Scotland

Kilmarnock town centre regeneration scoops major award

Palace Theatre and Grand Hall, Kilmarnock Image copyright SURF
Image caption The £3.1m refurbishment of Kilmarnock's Palace Theatre was one of the projects in the regeneration of the town centre

A £43m project to revitalise a Scottish town badly hit by the economic recession has won a prestigious award in a ceremony on Thursday.

Judges in the annual SURF awards said they were impressed with the regeneration of Kilmarnock town centre.

The awards, presented by Social Justice Secretary, Alex Neil, are for regeneration initiatives.

They ranged from small community-based schemes to multi-million pound town centre developments.

The judges said: "East Ayrshire council's holistic urban development plan has created a vibrant town centre for Kilmarnock with restored historic buildings and positive developments in retail, culture, education, housing and tourism."

Relocated

Among the improvements the local authority has made was the renovation of the Palace Theatre and investment in the repair and refurbishment of properties in Bank Street, a mediaeval thoroughfare in the centre of the town.

It has also relocated council offices in formerly derelict buildings such as the Johnnie Walker whisky bond and the Opera House.

Councillor Jim Buchanan, East Ayrshire's cabinet member for economy said: "It's important we keep the retailers in the town, and try to attract new retailers.

"That's why we moved out council staff into the town centre, into refurbished buildings where they can spend their lunchtime pounds in the town and help the retailers."

Image caption All properties in Bank Street have been occupied for more than two years since they were refurbished

Kilmarnock railway station has also undergone regeneration with seven rooms, unoccupied for around 40 years now home to community enterprises including a book shop, café and electric bike hire.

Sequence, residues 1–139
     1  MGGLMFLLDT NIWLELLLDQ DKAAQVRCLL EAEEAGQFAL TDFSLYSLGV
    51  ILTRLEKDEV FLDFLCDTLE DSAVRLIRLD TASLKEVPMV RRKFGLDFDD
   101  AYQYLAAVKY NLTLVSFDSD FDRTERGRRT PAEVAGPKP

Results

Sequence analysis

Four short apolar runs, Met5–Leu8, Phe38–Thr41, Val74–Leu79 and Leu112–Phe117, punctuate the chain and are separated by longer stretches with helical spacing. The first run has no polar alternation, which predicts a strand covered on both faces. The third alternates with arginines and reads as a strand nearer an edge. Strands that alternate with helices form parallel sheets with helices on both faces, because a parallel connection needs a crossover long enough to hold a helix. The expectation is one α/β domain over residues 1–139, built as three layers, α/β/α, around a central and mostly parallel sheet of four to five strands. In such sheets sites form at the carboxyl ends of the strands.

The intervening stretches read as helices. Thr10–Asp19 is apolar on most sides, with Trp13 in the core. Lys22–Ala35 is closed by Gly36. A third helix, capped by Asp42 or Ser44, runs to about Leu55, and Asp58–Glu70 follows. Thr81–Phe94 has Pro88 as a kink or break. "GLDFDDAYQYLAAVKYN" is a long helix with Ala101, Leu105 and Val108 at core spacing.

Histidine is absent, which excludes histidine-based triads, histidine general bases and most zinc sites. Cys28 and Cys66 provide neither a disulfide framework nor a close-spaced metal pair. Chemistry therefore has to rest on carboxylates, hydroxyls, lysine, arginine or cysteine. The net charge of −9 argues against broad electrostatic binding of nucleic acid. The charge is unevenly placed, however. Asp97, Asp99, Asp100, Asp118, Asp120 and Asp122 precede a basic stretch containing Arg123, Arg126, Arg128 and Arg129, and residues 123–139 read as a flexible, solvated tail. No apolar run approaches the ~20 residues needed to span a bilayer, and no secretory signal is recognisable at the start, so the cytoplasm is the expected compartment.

Richard Carr, chairman of the Kilmarnock Station Railway Heritage Trust, said it has brought life back to a building in the centre of the town.

"It's all part of the process of bringing regeneration back to Kilmarnock.

"Obviously it is an industrial town, seen better days. and there've been tough times in recent years.

"But the council have put a lot of effort in behind it, and we're supportive of what's happened and to make the station a focal point for the town as well."

Image caption Seven community enterprises have taken over formerly redundant rooms at Kilmarnock railway station

The SURF awards, which have been presented since 1998, are designed to promote the most effective initiatives designed to tackle physical, social and economic challenges in disadvantaged communities throughout Scotland.

Andy Milne, chief executive of SURF - Scotland's independent regeneration network - said it was important town centres had new life breathed into them.

"Towns are still home to more than half of Scotland's population, but over recent decades they have suffered degeneration in a lot of different ways; Firms moving out, transport disconnections, changing employment patterns.

"Towns are the place of business of living, of meaning for the people around that whole area.

"So it's important that the centres work successfully, both as business centres, but also as places for people to gather and meet with each other and exchange ideas."

Image copyright Ullapool Harbour Trust
Image caption The £19m Ullapool harbour development is designed to work as a music, arts, exhibition and general function area outwith ferry times.

The other award winners announced at Glasgow's Radisson Hotel were:

  • Barrhead, most improved small or medium town;
  • Ullapool harbour infrastructure enhancement which includes a music, arts and exhibition space;
  • Laurieston, Glasgow, an artist-led project which makes railway arches and an iconic church available for creative uses;
  • Helmsdale community project to create four new family homes to help address depopulation;
  • The Wheatley Group supporting 188 clients living in some of Scotland's most deprived areas into employment.

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